The fact that our minds can affect our guts is something we can all agree with. After all, we’ve all had “gut-wrenching” moments and experienced “butterflies in our stomachs.” Mental stress may even aggravate gastritis and peptic ulcers.
Most people assume that the gut-brain connection is a one-way street. Commands come from the brain and not the other way around, right?
Not so fast.
According to recent advances in research about the gut-brain axis, our guts can exert considerable influence on our brains. Our mental health may even be dependent on the microbes that live in our guts!
How is that possible? Here are some quick facts about the relationship between our guts and our brains.
The Gut-Brain Connection
What is the brain-gut connection? We know from basic science that our brains are connected to every part of our body through the nervous system. The gut-brain axis (GBA) is the communication network linking the brain and the gut.
The connection between these two organs isn’t just physical. They also communicate with each other biochemically through various means. Neurotransmitters, hormones, and the immune system are all part of the GBA.
The Role of Gut Microbiota
The gut microbiota or microflora is the bacterial population living in our guts. It consists of trillions of microorganisms. Altogether, they can weigh up to six pounds, more than the weight of our brain!
Why are these tiny guys so important? That’s because they can produce neurotransmitters and other chemicals that have different effects on the brain.
For example, about 90% of the body’s total serotonin is produced in the gut. Serotonin (5-HT) is a neurotransmitter that can regulate sleep, mood, and appetite and also affects memory and learning. Gut bacteria also manufacture gamma-aminobutyric acid (GABA) which helps reduce anxiety and fear.
Another important chemical produced by the microbes in your gut is short-chain fatty acids (SCFA). SCFAs have various functions including reducing appetite and protecting the blood-brain barrier.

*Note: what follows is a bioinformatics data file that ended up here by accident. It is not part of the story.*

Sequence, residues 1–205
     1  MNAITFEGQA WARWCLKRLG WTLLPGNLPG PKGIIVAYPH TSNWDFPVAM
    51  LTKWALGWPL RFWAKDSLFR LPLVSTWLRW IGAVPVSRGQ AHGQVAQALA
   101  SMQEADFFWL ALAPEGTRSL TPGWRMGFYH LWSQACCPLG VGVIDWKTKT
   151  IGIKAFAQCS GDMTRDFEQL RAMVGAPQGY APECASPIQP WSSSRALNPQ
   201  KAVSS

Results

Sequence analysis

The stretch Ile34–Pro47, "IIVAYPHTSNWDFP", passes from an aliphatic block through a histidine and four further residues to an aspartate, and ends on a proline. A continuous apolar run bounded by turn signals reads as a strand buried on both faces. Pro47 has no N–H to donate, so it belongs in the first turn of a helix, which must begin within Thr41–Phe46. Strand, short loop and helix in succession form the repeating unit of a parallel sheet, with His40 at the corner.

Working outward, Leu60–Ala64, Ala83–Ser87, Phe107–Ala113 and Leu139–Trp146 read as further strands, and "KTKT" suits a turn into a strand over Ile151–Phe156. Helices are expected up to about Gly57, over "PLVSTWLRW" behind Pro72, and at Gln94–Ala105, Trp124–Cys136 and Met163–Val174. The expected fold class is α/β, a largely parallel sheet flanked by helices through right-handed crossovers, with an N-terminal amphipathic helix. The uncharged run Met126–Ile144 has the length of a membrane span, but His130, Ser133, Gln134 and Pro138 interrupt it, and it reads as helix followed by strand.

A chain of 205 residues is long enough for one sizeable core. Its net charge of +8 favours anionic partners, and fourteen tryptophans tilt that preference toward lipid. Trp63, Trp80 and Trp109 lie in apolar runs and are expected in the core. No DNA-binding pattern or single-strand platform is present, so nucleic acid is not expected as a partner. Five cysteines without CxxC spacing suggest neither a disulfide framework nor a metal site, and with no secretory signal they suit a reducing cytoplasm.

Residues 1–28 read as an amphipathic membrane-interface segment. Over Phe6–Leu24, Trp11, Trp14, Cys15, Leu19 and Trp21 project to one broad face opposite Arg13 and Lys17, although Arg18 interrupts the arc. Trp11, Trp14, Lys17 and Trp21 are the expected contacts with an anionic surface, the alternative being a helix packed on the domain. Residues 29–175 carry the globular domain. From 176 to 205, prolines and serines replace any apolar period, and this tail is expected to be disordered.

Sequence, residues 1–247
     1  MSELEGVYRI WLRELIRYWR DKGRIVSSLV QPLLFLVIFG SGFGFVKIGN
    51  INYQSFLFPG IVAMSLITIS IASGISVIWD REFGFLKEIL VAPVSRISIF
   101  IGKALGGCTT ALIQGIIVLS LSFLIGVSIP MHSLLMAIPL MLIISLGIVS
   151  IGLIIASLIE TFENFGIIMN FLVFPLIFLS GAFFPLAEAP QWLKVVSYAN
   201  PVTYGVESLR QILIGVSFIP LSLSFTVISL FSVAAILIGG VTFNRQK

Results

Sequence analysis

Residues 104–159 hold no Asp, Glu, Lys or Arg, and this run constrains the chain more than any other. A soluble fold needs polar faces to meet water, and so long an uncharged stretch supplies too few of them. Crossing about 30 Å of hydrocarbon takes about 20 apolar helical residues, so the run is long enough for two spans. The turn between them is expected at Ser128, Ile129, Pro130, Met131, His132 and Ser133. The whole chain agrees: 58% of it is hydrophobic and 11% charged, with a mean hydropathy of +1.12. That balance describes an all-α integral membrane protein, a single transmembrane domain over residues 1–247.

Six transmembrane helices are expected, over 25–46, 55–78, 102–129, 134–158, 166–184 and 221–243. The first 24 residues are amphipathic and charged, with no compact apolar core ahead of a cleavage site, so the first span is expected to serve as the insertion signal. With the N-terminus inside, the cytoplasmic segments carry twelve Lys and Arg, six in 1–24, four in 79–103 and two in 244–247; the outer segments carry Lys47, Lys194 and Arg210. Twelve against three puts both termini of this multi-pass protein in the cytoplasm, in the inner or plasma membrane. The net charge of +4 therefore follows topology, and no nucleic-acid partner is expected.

Not all of the chemicals produced by microorganisms in the gut are beneficial though. For example, lipopolysaccharide is a toxin made by certain bacteria that can cause inflammation.
Balance in the Microbiome
The normal balance of bacteria in the gut is crucial to our mental health. This pivotal function starts from birth. Studies have shown that microbiota may be central to the brain development of newborns.
Any disruption to this balance may lead to certain diseases. These include depression, schizophrenia, and other psychological and neurological problems. It has also been linked to neurodevelopmental disorders such as hyperactivity and autism.
Restoring the Balance
Researchers study the gut-brain axis as a promising target in the treatment of several diseases. They’re working on the premise is that changing your gut bacteria may improve brain health.
You can alter the microbes in the gut in a number of ways.
Food plays a big factor of course. Specific diets or eating at a healthy restaurant may help relieve symptoms of anxiety, stress, and depression. Probiotics, prebiotics, and Omega-3 fats are some examples of healthy brain food.
Gut Health = Mental Health
Now that you’re familiar with the gut-brain connection, take this newfound knowledge to good use. Save the gut to save the brain! Start eating healthy to protect your mental health.
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